What does a project manager do every day?
This is a question I’ve been asked many times in my career. It may seem obvious. The definition of project manager is someone who manages a project. Is a project manager seated in an office? Or is he out on the site, reviewing a plan, and completing tasks? Maybe all of these, and more.
The Four Ares was a helpful aide memoire that I used when I worked at DMR Consulting. These were four questions that summarized what project managers should be focusing on. Are they being done well? Are they getting them done? Are we gaining the benefit?
The first (Are we doing the right thing?) is the first. The first of these (Are we doing the right things?) examines how well stakeholder requirements were set up, agreed upon, and translated via the Work Breakdown Structure, (WBS), into the project plan. It is an important step in a project’s beginning, but it must be done correctly.
When a project is in full swing, it’s not a good idea to have doubts about the requirements. There is always change control once the plan has been frozen, but that’s not something you want.
My experience shows that most stakeholders don’t like change control and will try to get around it by trying to squeeze more things into the plan, stretch your budget, or compress the timelines. It’s almost as if they see you as a magician.
Here’s a thought. The project manager is a magician! We do seem to pull things out of the hat quite often!
The second of the Ares is “Are they doing them well?” Quality is the most important aspect. Earned Value and other factors play a role in this. Are the resources and budget being used efficiently and effectively to manage the plan?
This is where project managers can make significant cost and time savings. This is where the magic happens!
It requires time and attention, as well as careful analysis. Don’t trust in luck. Even for projects with non-descript deliverables, there should be a quality plan. Stakeholders will be able to communicate regularly to ensure that they are satisfied with the quality of the project.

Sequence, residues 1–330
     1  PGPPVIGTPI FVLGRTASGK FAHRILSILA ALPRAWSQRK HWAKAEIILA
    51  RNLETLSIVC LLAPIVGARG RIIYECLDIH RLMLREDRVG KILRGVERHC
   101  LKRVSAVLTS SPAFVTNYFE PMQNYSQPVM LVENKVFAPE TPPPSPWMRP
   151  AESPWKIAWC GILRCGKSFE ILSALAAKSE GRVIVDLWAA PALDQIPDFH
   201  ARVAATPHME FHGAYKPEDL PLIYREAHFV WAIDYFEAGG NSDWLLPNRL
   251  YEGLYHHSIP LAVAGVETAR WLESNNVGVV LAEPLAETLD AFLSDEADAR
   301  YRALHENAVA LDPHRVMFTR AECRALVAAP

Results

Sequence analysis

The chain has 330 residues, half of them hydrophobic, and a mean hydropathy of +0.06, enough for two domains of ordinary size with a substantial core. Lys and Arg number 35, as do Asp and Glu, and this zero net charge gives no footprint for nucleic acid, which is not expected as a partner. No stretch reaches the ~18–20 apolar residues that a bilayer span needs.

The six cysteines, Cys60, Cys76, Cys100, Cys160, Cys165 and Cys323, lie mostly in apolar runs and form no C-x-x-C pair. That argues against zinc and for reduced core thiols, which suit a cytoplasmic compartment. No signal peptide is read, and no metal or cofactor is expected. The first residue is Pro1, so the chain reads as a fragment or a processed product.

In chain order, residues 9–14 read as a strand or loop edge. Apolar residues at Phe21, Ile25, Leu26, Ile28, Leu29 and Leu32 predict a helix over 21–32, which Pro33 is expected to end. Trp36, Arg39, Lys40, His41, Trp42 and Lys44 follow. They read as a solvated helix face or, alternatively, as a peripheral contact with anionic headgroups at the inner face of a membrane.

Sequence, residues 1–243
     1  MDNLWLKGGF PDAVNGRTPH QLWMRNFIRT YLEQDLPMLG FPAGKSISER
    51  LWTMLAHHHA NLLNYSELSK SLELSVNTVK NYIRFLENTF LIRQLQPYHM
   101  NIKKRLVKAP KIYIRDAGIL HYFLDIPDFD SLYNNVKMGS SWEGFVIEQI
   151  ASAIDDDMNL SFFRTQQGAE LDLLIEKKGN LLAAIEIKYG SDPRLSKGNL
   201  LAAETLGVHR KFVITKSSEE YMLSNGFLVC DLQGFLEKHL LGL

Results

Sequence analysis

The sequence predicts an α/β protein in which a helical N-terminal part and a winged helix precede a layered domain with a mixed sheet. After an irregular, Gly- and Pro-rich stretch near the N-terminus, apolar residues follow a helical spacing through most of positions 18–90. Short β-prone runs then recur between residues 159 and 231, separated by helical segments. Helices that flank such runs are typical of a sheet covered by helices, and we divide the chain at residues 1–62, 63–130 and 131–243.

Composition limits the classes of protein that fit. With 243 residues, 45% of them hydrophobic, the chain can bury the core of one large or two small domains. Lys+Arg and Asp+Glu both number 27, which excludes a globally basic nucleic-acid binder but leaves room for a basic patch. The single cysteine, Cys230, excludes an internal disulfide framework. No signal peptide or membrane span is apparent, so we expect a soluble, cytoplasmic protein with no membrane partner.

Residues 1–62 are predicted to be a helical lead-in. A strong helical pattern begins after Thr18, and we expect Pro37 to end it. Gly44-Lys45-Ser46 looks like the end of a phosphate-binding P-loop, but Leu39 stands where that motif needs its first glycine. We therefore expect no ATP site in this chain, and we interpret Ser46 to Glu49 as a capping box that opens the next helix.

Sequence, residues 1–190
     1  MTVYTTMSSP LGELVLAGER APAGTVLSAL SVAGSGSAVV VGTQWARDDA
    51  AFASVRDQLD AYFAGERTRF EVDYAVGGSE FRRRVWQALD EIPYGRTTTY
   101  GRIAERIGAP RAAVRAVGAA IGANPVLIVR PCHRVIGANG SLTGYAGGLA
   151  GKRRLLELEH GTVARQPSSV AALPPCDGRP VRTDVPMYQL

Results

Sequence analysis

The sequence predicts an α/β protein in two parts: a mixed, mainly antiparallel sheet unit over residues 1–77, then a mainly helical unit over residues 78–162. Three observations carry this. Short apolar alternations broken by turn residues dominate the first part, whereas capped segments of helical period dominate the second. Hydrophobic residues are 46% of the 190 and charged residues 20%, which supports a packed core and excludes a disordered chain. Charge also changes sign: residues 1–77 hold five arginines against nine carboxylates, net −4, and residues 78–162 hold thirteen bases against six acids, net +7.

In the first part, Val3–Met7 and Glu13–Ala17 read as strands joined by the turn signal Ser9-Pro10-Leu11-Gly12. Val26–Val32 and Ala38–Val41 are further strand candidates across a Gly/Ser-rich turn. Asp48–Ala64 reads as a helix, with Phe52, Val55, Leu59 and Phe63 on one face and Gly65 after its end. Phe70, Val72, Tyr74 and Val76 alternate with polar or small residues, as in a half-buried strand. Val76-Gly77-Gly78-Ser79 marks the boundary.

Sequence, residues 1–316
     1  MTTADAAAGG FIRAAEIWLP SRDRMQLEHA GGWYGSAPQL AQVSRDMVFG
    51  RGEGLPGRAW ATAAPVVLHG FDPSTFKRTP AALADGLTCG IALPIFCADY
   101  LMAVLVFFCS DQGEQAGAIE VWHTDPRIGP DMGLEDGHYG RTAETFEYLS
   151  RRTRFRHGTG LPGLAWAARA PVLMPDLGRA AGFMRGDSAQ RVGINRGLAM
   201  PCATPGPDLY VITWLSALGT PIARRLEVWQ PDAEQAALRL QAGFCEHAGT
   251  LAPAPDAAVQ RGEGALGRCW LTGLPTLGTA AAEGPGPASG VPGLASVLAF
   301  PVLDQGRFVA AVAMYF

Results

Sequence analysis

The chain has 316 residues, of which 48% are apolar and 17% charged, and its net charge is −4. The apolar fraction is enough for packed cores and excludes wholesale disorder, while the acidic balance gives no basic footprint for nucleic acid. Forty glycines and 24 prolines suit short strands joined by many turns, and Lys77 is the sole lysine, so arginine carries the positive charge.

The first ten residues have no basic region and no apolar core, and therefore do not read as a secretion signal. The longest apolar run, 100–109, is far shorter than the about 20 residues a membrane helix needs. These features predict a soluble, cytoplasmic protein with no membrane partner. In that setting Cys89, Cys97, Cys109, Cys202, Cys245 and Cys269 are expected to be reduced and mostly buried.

The third Are (Are they getting them done?) This is about the status of progress. While it is essential to monitor progress against a project plan, it is only one step in a process that will include the next Are (Are you gaining the benefit?). These links will take you to the previous Are (Are they doing them well?) ).
This holistic view is necessary to avoid a tick-in the-box process that simply records progress. Even though a task is completed successfully, it does not necessarily mean that the final result will meet stakeholder expectations.
It would be quite surprising if it did not, which is why expectation management must be an ongoing activity. However, benefits are a controversial topic in project management. How many project managers believe they must manage benefits?
Isn’t it their job to hand over the final deliverables? Benefits can only be seen once the project is completed, when users start using the deliverables every day.
There is a expectation that benefits will be managed within a programme environment. This is because the programme has many projects and it remains until the strategy is fulfilled.
Only when benefits can be shown, is a programme strategy complete. Project managers must be content to provide the ability to achieve the benefits described in the Project Business Case. This can only be achieved through good quality and stakeholder management.
Given the four Ares, there are plenty of tasks for project managers to complete every day. These are all interconnected with processes like risk and issue management, resource management, and project governance. Perhaps a project manager should be a magician!